For an album with no lyrics, Jóhann Jóhannsson’s Fordlandia certainly has a lot of things to say. Narrative grandeur abounds: a Fitzcarraldo-like Brazilian jungle scene, a 19th-century poet mourning a fallen god, an unlucky rocket scientist, the mysterious work of a deformed German physicist. Lumped together, these ideas, expressed in the song titles and exhaustive track-by-track notes which Jóhannsson provides online, sound like the stuff of a Pynchon novel or a master’s course, a full conceptual plate that would make the album intimidating if the music wasn’t just as beautiful even without its ideas. Jóhannsson’s songs are majestic in their simplicity.
Jóhannsson seems to realize that the themes he’s developing, which center around failed utopias, are not necessary for the album to work and keeps them from being pounded into our heads, if that would even be possible considering his delicate style of icy Scandinavian ambiance. Fordlandia plays like a good soundtrack, not too hungry for our attention, quiet and unassuming, with sections that dip into a nearly ethereal softness. This is fitting, considering Jóhannsson’s previous work in film scoring, and he’s expertly created a tapestry that tightly links 11 tracks over more than an hour. The opening title track lasts nearly 14 minutes and, as Jóhannsson modestly mentions in the album notes, ends with a “5-minute long continuous ritardando, quite possibly the longest one ever committed to record—should anyone care!”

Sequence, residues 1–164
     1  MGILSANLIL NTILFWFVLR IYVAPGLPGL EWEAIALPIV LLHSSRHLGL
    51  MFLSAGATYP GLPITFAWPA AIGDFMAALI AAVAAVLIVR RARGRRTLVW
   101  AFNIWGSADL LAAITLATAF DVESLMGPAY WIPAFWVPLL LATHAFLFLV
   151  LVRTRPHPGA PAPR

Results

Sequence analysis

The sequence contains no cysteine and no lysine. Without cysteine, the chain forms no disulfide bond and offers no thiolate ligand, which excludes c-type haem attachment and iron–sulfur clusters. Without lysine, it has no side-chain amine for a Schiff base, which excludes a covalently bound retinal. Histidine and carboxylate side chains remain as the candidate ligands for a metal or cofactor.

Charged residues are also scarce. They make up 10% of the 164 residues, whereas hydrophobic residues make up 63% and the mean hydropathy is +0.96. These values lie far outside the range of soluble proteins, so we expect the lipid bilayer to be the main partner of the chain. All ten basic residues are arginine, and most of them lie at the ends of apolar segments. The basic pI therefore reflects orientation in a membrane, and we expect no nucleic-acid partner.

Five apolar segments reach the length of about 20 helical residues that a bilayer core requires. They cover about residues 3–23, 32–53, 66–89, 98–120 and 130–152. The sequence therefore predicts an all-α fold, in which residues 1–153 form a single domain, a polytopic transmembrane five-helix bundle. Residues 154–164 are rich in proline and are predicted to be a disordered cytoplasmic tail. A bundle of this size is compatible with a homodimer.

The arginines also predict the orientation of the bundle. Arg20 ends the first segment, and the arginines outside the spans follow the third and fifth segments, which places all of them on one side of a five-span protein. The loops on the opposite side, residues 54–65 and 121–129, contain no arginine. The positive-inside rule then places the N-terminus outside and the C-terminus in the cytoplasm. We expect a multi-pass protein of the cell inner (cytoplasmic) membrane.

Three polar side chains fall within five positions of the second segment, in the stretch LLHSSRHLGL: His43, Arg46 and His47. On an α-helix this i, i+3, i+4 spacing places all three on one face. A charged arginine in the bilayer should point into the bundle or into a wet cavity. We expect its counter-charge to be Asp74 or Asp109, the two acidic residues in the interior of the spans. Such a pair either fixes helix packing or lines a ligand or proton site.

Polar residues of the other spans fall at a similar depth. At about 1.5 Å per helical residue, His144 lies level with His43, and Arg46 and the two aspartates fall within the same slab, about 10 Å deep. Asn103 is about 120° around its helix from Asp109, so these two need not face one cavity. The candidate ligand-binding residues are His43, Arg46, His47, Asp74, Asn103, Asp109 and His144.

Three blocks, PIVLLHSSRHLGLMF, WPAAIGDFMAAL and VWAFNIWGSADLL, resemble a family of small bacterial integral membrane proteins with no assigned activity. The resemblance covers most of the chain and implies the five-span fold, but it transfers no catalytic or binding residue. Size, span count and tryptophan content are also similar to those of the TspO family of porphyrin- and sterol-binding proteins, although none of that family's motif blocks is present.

This is all played with an admirable earnestness that buoys even some of the album’s borderline-cheesy material. Such moments are rare, however, and for the most part Fordlandia is sterling, the kind of album that allows you to tune out and absorb the entire thing passively. “The Great God Pan Is Dead” lingers on achingly slow female chants swathed in chilly synth waves, while “How We Left Fordlandia” lets its circling strings unspool for eight minutes before crashing to a crescendo halfway through. The idea of Fordlandia (a disastrous small-town America-inspired Brazilian colony created by Henry Ford, which Jóhannsson lingers on in his notes) as a giant symbolic broken dream is there, but you’d be hard pressed to find it if you weren’t listening for it.
In this way, the ideas of Fordlandia remain frozen deep in the album’s icy veneer, and while Jóhannsson is effusive in talking about them, he really wants us to discover them for ourselves, either accepting the album as a sensory experience or delving into its deeper sections on our own. In the end, the album is a fascinating musical thesis that can function with or without its brain intact.